While studying specific immune cells in the context of chronic itching in the skin, two Washington University School of Medicine scientists discovered that the immune system, rather than the nervous system, is responsible for the uncomfortable and sometimes severe diarrhea that accompanies chemotherapy.
With the results from their new study, these scientists hope that they can develop new ways to treat diarrhea, both in chemotherapy patients and people with diarrhea as a result of gastrointestinal (GI) tract disease.
Diarrhea as a result of chemotherapy is extremely common, afflicting up to 80 percent of chemo patients. In general, diarrhea is a results of abnormal contractions during food digestion in the smooth muscle tissue lining the GI tract. At its worst, diarrhea can be life-threatening or cause cancer patients to quit receiving chemo treatments. People with irritable bowel syndrome (IBS) and inflammatory bowel disease (IBD) experience similar diarrhea.
"Diarrhea is a common side effect of chemotherapy that, in severe cases, can lead to death or to patients having to stop lifesaving treatment because often there are no effective therapies to control the diarrhea," explained co-senior investigator Hongzhen Hu, PhD. "This research provides a new avenue to explore in developing drugs to stop such diarrhea."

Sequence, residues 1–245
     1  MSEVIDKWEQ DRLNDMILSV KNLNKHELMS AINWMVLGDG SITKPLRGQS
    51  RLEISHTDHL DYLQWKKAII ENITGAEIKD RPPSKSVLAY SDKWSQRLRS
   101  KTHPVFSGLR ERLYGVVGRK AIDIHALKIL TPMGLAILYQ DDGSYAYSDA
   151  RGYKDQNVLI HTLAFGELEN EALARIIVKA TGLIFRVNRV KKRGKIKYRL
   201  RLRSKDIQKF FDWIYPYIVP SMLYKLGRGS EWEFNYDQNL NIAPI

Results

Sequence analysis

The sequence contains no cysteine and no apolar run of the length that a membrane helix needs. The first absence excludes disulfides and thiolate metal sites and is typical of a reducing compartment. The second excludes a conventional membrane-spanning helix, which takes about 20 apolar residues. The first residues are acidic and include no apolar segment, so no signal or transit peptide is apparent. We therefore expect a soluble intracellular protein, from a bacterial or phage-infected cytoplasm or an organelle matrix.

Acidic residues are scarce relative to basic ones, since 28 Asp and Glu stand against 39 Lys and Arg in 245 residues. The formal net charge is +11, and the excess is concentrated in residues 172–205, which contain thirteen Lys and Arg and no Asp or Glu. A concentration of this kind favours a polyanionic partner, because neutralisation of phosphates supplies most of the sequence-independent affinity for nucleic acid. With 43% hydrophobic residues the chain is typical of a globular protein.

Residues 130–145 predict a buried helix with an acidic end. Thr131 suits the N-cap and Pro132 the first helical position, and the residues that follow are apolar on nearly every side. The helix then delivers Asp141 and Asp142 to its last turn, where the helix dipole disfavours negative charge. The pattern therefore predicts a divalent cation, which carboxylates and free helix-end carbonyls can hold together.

For a while, scientists thought that nerve cells in the intestines were responsible for chemo-induced diarrhea. But it might actually instead be immune cells called macrophages that are triggering intestinal contractions - the nervous system doesn’t seem to be involved at all.
There are more macrophages in the GI tract than anywhere else in the body. Macrophages are phagocytic cells, which means they engulf dead and dying cells and pathogens and digest them. This process of phagocytosis is an important part of the immune response to infection, cancer, and inflammation.
Researchers discovered that surface receptor TRPV4 on macrophages. The receptor was previously thought to be associated with nerve cells. With TRPV4’s association with GI contractions, the nervous system had been implicated in causing diarrhea.
"We found that the macrophages themselves trigger muscle contractions in the gut without any involvement from neurons," Hu said. "The pathway works in an entirely different way from what we had expected."
The present study was published in the journal Immunity.